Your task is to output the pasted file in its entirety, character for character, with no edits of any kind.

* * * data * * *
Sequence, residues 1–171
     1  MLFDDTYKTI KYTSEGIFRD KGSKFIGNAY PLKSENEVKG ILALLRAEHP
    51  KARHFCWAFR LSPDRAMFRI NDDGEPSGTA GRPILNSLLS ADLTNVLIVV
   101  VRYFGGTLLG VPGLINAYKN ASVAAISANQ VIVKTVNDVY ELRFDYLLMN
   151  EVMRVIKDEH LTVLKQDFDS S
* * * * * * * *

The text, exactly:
Sequence, residues 1–171
     1  MLFDDTYKTI KYTSEGIFRD KGSKFIGNAY PLKSENEVKG ILALLRAEHP
    51  KARHFCWAFR LSPDRAMFRI NDDGEPSGTA GRPILNSLLS ADLTNVLIVV
   101  VRYFGGTLLG VPGLINAYKN ASVAAISANQ VIVKTVNDVY ELRFDYLLMN
   151  EVMRVIKDEH LTVLKQDFDS S